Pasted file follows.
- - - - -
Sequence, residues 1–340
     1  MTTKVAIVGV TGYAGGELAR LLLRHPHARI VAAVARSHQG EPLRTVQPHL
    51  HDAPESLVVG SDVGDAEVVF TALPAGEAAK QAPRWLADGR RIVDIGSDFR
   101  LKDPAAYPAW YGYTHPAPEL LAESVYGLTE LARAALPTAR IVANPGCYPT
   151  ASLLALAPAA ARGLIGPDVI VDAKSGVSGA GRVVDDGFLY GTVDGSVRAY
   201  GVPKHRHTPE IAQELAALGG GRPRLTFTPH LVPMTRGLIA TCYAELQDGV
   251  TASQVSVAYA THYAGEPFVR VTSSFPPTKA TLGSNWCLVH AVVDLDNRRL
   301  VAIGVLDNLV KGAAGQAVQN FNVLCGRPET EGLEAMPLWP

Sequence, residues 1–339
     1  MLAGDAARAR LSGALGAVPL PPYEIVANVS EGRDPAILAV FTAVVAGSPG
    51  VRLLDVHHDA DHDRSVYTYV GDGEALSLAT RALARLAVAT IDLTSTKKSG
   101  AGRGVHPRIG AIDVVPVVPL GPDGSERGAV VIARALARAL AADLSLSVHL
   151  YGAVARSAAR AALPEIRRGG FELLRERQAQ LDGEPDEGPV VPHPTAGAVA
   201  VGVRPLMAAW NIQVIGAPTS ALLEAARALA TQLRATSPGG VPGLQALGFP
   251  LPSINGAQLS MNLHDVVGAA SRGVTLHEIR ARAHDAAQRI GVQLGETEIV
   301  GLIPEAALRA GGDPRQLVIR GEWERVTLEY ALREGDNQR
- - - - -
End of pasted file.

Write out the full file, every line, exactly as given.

Sequence, residues 1–340
     1  MTTKVAIVGV TGYAGGELAR LLLRHPHARI VAAVARSHQG EPLRTVQPHL
    51  HDAPESLVVG SDVGDAEVVF TALPAGEAAK QAPRWLADGR RIVDIGSDFR
   101  LKDPAAYPAW YGYTHPAPEL LAESVYGLTE LARAALPTAR IVANPGCYPT
   151  ASLLALAPAA ARGLIGPDVI VDAKSGVSGA GRVVDDGFLY GTVDGSVRAY
   201  GVPKHRHTPE IAQELAALGG GRPRLTFTPH LVPMTRGLIA TCYAELQDGV
   251  TASQVSVAYA THYAGEPFVR VTSSFPPTKA TLGSNWCLVH AVVDLDNRRL
   301  VAIGVLDNLV KGAAGQAVQN FNVLCGRPET EGLEAMPLWP

Sequence, residues 1–339
     1  MLAGDAARAR LSGALGAVPL PPYEIVANVS EGRDPAILAV FTAVVAGSPG
    51  VRLLDVHHDA DHDRSVYTYV GDGEALSLAT RALARLAVAT IDLTSTKKSG
   101  AGRGVHPRIG AIDVVPVVPL GPDGSERGAV VIARALARAL AADLSLSVHL
   151  YGAVARSAAR AALPEIRRGG FELLRERQAQ LDGEPDEGPV VPHPTAGAVA
   201  VGVRPLMAAW NIQVIGAPTS ALLEAARALA TQLRATSPGG VPGLQALGFP
   251  LPSINGAQLS MNLHDVVGAA SRGVTLHEIR ARAHDAAQRI GVQLGETEIV
   301  GLIPEAALRA GGDPRQLVIR GEWERVTLEY ALREGDNQR